Paragraph (g)(1)(C)
‘‘(g) STATE PLAN.—
‘‘(1) IN GENERAL.—Each State shall submit to the
Secretary a plan to provide for the education of homeless
children and youths within the State. Such plan shall
include the following:
‘‘(A) A description of how such children and youths are
(or will be) given the opportunity to meet the same
challenging State academic achievement standards all
students are expected to meet.
‘‘(B) A description of the procedures the State
educational agency will use to identify such children and
youths in the State and to assess their special needs.
‘‘(C) A description of procedures for the prompt
resolution of disputes regarding the educational
placement of homeless children and youths.
US Department of Education 2004
Non-Regulatory Guidance – G-5 & G-9
    Written notice – school decision, reason,
     right to appeal
    If disputed:
    ◦ Immediately enroll in school of choice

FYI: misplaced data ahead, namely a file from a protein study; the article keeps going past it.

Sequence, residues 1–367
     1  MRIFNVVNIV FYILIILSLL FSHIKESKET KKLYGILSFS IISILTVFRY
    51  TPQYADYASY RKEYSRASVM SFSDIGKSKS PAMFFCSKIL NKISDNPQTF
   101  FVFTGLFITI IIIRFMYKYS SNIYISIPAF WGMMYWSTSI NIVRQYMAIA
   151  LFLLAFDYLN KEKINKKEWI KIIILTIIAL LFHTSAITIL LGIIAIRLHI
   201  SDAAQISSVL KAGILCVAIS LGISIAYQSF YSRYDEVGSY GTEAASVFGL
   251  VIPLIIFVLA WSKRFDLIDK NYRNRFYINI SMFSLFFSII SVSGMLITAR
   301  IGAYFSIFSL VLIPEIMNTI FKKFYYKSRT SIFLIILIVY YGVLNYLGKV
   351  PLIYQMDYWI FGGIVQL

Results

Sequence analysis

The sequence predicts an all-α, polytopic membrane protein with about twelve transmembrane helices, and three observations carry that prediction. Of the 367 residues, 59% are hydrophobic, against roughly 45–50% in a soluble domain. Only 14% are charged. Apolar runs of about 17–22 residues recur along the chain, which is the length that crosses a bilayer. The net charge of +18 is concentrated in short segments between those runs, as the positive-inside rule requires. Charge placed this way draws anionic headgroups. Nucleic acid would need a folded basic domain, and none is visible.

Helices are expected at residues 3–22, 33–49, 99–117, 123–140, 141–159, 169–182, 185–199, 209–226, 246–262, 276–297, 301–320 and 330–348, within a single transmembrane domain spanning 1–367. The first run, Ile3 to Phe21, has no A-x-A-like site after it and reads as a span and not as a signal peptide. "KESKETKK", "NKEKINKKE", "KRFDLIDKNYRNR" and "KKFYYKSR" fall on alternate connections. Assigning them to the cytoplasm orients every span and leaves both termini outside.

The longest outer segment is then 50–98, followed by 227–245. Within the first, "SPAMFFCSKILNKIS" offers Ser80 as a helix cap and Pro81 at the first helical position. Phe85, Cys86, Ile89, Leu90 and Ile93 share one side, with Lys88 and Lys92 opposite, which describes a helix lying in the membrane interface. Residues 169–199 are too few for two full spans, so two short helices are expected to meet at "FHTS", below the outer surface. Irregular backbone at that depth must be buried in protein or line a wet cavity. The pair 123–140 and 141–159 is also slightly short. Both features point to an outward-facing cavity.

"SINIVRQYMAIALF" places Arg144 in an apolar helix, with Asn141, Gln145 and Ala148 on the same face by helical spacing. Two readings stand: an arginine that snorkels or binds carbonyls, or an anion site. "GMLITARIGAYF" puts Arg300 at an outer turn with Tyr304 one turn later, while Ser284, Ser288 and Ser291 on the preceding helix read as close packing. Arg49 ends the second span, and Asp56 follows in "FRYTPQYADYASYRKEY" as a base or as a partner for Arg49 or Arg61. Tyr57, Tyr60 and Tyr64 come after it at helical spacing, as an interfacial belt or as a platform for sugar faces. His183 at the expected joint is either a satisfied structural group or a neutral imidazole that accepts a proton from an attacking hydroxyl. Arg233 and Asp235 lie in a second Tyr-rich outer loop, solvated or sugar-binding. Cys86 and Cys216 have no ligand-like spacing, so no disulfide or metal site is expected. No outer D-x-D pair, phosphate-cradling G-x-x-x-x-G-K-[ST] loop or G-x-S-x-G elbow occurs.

◦ Refer to liaison to carry out DRP
    G-5 - Inter-district enrollment disputes
     should be resolved at the SEA level
    G-9 - SEA process to appeal LEA DRP
     decisions
    Critical Components of a Dispute
    Resolution Process
 Local procedure implemented by the liaison
 Written notification
 Immediate enrollment in school of
  preference during dispute resolution
 Informal and accessible
 Per guidance, must have an SEA level of
  appeal
Written Notice
 Contact information for liaison and SC
 Simple, detachable form to complete and
  submit to initiate dispute (school should
  give parent a copy)
 Step-by-step description of appeal
  process
 Notice of right to immediately enroll
 Notice of right to appeal to state
 Timelines for LEA and SEA level appeals
Disputable Issues:
 Eligibility
 School selection
 Participation
 Transportation
Transportation
 Contract
 Mode of transportation offered
Participation
 Regular classes